I really appreciate the effort in trying to explain for me but could u write out the workings so i know how to solve part 2 and 3? I'm really weak in complex number
    The rules of this forum forbid full solutions, and it wouldn't help you much anyway if I did your homework, as I won't be there in the exam.
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    (Original post by Snowie9)
    Thanks for trying to explain to me. For part (i) i got my u= -1/5 - 3i and i got the modulus |u| correct but the arg(u) i keep getting +86.1. I don't know how.
    I really appreciate the effort in trying to explain for me but could u write out the workings so i know how to solve part 2 and 3? I'm really weak in complex number
    Your u= -1/5 - 3i is still wrong. It just happens to give quite a close approximation to the correct mod(u). I think it would be best if you posted your working on the simplification of u, as you'll never make progress with the rest of the question unless that part is right.
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    (Original post by atsruser)
    But u doesn't equal -1/5-3i, so you have an error somewhere. Can you put up your working please?


    The rules of this forum forbid full solutions, and it wouldn't help you much anyway if I did your homework, as I won't be there in the exam.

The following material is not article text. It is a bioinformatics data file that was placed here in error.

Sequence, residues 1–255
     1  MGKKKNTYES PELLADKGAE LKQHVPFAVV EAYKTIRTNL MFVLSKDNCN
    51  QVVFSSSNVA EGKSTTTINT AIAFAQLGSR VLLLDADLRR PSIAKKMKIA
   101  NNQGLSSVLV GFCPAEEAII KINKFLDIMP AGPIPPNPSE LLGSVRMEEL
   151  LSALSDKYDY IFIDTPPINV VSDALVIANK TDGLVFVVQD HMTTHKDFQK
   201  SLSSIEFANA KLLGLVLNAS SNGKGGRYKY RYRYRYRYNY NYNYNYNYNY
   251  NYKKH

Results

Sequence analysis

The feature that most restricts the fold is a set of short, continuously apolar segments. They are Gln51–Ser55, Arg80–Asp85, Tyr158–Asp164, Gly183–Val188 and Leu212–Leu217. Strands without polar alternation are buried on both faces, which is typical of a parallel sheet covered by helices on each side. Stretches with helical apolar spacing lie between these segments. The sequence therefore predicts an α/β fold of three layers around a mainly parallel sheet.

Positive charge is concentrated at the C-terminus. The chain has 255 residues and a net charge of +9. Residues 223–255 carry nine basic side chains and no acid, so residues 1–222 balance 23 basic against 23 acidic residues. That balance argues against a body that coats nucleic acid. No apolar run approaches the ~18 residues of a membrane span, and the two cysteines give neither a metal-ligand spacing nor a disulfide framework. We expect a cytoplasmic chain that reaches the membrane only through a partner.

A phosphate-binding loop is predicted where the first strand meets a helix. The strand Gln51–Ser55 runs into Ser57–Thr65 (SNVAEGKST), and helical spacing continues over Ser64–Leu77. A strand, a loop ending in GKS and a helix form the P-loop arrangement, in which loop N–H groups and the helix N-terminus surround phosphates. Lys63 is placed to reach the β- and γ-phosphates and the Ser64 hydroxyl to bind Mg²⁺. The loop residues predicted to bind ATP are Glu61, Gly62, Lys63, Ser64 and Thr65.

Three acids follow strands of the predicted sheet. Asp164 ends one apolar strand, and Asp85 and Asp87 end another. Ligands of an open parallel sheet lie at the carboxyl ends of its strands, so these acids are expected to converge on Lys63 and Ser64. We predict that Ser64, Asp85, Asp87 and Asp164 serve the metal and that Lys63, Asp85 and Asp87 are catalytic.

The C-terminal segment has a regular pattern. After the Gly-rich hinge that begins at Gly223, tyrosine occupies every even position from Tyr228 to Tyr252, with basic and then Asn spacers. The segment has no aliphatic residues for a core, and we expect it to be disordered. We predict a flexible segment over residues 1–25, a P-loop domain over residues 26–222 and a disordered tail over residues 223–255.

Name:  IMG_8721.jpg
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Size:  497.2 KBThis is my attempt on part (i). Yeah you're right..because normally i would understand how to do after looking at solutions but i guess it wouldn't help during exams..
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    (Original post by old_engineer)
    Your u= -1/5 - 3i is still wrong. It just happens to give quite a close approximation to the correct mod(u). I think it would be best if you posted your working on the simplification of u, as you'll never make progress with the rest of the question unless that part is right.
    I posted my working on part(i).
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    (Original post by Snowie9)
    I posted my working on part(i).
    -15i / 5 = -3i

    (-15i has no real component, and the same applies if you divide it by a real constant).